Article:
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Tour of Chicago Pt. 5: Midway Chicago
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Tour of Chicago Pt. 5: Midway Chicago

December 27, 2006 Article Start Previous Page 4 of 6 Next

Studio Inside a Studio

The Mortal Kombat team is like a studio itself. Bayless explains that Midway is reaching the point where key franchises are taking on the aspect of being a full franchise, not just a single title in development. “I think for a while, Ed was sort of uncomfortable with that. Because his history has always been, ‘I do this, and when I’m done, I do that.’” Bayless describers a time when Boon intimated, “Gee, guys, I’m not sure I can do all this at the same time.”

However, Boon found that his best team members have been able to step into roles or places where Boon might have taken responsibility for a certain thing before. “And it frees him up to drill down on the creative.” Now, Boon’s time is focus on two major efforts. “One is driving the creative, proactively. ‘Here’s what we should do.’ And the other one is that iteration, which is hugely important.”

“I think Ed rightly recognizes that the best work happens when you take the time to do that iteration,” say Bayless, “Where you sit there, and touch it, and smell it, and polish it, and you keep doing it until you get it right.” Bayless doesn’t think Boon will ever let go of that, adding, “That’s what he does, and that’s where some of the magic comes from.”

The Studio Itself

Midway Chicago is just across the street from corporate headquarters. “One of the things I loved about working at Microsoft,” recalls Bayless, “Is this culture of ‘you say what you think.’ You go in the conference room, you bang your shoe on the table, throw things at the wall, and when you’re done, you all walk out friends.”

“That actually works here, too,” he says of Midway. “It’s really invigorating. No one freaks out. We just get it on the table, and hack at it. And we come up with some pretty good answers. And I think that infuses the studio as well.”

That’s why there is a lot of cross-talk between the studio and corporate. “There’s a lot of walking across the street and having conversations,” Bayless says, adding: “It’s sort of a geographical accident that any time there’s a VIP that David is spending time with, he usually brings them over here. And we grab Brian and bring out the Stranglehold team, and show ‘em cool stuff. Or get Ed and show them Mortal Kombat stuff.”

People have the feeling that Midway Chicago is the flagship developer. That’s inevitable right now, says Bayless. There is a good chance that the further into the next generation, more attention will focus on the other studios as well. “Right now, we’re the flagship. In a year, maybe we’re still the flagship, but there are some pretty big boats around us.”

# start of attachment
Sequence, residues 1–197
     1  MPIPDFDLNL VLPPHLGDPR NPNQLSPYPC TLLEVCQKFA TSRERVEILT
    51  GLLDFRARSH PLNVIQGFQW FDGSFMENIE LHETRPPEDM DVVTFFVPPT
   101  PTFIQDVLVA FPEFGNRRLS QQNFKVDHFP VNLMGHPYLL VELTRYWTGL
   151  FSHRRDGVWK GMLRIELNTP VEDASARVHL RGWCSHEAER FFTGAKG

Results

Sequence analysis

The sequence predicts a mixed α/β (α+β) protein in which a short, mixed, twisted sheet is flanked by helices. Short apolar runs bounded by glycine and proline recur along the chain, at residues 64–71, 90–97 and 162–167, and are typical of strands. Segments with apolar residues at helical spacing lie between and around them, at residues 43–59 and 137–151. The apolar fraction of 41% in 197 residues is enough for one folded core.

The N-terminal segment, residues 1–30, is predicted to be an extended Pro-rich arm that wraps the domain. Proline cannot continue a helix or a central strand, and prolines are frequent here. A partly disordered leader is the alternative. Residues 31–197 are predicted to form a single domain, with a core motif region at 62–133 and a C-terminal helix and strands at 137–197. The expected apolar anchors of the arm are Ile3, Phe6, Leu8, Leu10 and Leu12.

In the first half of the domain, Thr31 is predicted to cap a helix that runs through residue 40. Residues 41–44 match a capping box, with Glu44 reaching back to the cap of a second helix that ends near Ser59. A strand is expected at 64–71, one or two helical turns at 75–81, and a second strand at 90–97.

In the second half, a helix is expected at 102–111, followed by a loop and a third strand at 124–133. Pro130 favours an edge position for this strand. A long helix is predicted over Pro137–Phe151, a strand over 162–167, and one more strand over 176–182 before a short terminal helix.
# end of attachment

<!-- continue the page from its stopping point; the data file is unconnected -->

In fact, it’s hard to talk about Midway Studios Chicago without talking about the other studios. There’s a great interlinking between the developers, and Bayless’ conversation is peppered with mentions of Austin, New Castle, and Seattle. And while there is camaraderie there, these studios are linked by process, best-practices, and shared assets.

The cast of Mortal Kombat: Armageddon

The Fiefdoms

“Another thing I find unique and refreshing about Midway,” says Bayless, “Is the degree to which the studio heads find themselves pulling the same direction.” He cites the company-wide shared-technology drive. “I’ve been in this business a long time. I’ve seen a whole bunch of attempts to go down this road. And I’ve seen them all crash on the rocks. A lot of it has to do with people in positions of authority saying ‘I need this,’ and somebody else saying ‘I need that,’ and never being able to find a common ground.”

What Bayless finds in contrast is that the Midway studio heads are actively seeking ways to help each other out. They hold regular conference calls. “We don’t do it because somebody told us to. We do it because we like talking to each other. We like bitching, we like spit-balling. We throw product ideas at each other. We give each other honest feedback.” And it all happens organically. “There’s not a lot of politics among the fiefdoms. We’re all genuinely interested in each other’s success.”

Bayless doesn’t know if it’s simply the people involved, or the size of the company. “Whatever it is, it works really well. It’s a lot of fun, too.” Further, they regularly run summits in every discipline. “Again, it wasn’t because David said, ‘you have do to this.’ It was because we realized it actually helped.” They have design summits, production summits, technology summits, art summits. “A lot of that now has to do with sharing best practices. Flushing out ideas that seem to be useful, and indentifying places we can share assets.”

“This has all taken a tremendous effort,” Bayless admits. “But if you want to, you can do it.”

Article Start Previous Page 4 of 6 Next

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